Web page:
I'm both things: a clinician and a researcher. I'm a hematologist, and that's how I started my career. I came into research later, but I already had all the background of the clinic. For 12 years of my life, my career was medicine. And in my case this knowledge and training has been extremely useful in asking me questions that were clinically relevant. Our work in the laboratory, in fact, is very translational and often oriented towards clinical trials. We work closely with many doctors in clinical trials. You could say I'm a doctor who spends most of his time doing research.
- What happened to make you put your medical career on hold and devote yourself fully to research?
You could say I wanted to have all the options available to me. When I started medical school I was very interested in scientific research, although I had no idea what that was, or if I was going to like it. I did know what medicine was however, and I liked it, or should I say, I like it, but I wanted to know what the human body was like and how it worked, and so I decided to take this path. But always thinking that if research was not my thing, or I did not like it, I could go back to medicine. In fact, research was quite rare some years ago, but has now become more common and offers very good results. I have to admit that I have always wanted to do a doctorate, but I haven't yet. I don't have time, and learning to do science takes a lot of time. Although, it is fair to say that I have spent much more time in a laboratory than if I were doing a doctorate.
- Do you remember anyone who oriented you at that time?
Unfortunately, when I decided to give up medicine for science I had no one around to advise me. Actually, my career is linked to my English learning. Despite living in a bilingual country, like Canada, I have always studied in French, as I lived in Quebec. When I had to decide where to do my residency, I chose McGuill University in Montreal, where I could gradually improve my English while doing my welfare work. The next step in perfecting my English was going to the United States, and there, all the programs I was interested in were more science than medicine. That's how I got into science in Boston, at the Massachusetts Institute of Technology (MIT), and at Tufts and Harvard Universities. There I had two mentors who really helped a lot in changing my way of thinking, more medical than scientific, and guided me in asking the important questions, etc. It was very helpful.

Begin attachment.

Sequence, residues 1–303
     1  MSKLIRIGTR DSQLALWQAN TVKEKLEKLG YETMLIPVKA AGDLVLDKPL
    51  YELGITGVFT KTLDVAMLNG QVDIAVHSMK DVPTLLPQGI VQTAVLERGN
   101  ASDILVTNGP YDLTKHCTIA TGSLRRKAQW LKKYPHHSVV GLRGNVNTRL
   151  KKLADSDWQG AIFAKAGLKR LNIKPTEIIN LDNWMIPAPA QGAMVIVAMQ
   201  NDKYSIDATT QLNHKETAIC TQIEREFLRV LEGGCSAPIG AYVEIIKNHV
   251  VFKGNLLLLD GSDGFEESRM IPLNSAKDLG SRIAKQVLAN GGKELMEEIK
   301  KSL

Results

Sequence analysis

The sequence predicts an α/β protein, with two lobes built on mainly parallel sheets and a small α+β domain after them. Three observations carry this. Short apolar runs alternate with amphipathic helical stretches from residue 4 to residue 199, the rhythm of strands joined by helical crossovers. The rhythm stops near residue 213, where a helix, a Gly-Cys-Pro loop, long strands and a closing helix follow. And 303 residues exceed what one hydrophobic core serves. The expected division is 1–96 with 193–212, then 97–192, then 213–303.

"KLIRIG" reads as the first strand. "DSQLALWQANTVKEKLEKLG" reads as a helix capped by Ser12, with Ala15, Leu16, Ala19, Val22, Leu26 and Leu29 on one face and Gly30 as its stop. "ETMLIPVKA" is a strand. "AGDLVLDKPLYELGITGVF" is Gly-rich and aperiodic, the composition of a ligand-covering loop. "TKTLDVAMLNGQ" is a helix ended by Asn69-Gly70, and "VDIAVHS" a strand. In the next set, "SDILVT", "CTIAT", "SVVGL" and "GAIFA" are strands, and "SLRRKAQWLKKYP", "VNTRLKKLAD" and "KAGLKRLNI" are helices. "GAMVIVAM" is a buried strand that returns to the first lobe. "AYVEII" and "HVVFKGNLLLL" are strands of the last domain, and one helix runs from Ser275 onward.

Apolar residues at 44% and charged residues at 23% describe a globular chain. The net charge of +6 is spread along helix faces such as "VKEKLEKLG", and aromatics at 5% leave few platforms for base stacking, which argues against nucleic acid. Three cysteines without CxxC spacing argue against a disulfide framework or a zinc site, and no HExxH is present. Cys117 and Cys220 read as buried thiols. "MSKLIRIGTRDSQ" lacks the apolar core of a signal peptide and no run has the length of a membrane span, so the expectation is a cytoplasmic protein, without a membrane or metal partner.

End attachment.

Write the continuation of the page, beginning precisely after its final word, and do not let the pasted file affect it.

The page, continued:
- And, now do you consider yourself to be a good mentor?
I try to; I am proud that two of my 'students' are now great researchers who are linked to the CNIC: Simón Méndez Ferrer and Andrés Hidalgo.
- What's a normal day like in your lab?
I'm one of those who can say that most of the time I'm doing science in one way or another. I divide my time between my two projects, the Stem Cell Institute or my own lab. Which is very rewarding for me.
- In your opinion, what is the one indispensable quality a scientist should have?
It depends on the circumstances, but I think the best quality is the ability to adapt to the different situations a researcher will encounter. As you advance in your scientific career you have to adapt to different situations; predoctoral, postdoctoral, group leader, etc. Each moment requires its own skills and abilities.
- You already knew the CNIC. How do you think it has evolved over the years?
I was at the CNIC for the first time 12 years ago. I have been able to see how the centre has grown and evolved and, in a way, I can say that I have contributed to this with my 'students' Andrés [Hidalgo] and Simón [Méndez Ferrer]. And I have seen the impact of the CNIC on science in Spain, but also outside its borders. You can say that it is an institution that is very close to my heart.
Dr. Paul Frenette participated in the CNIC Conference entitled “New concepts in Age-related Cardiovascular Disease”.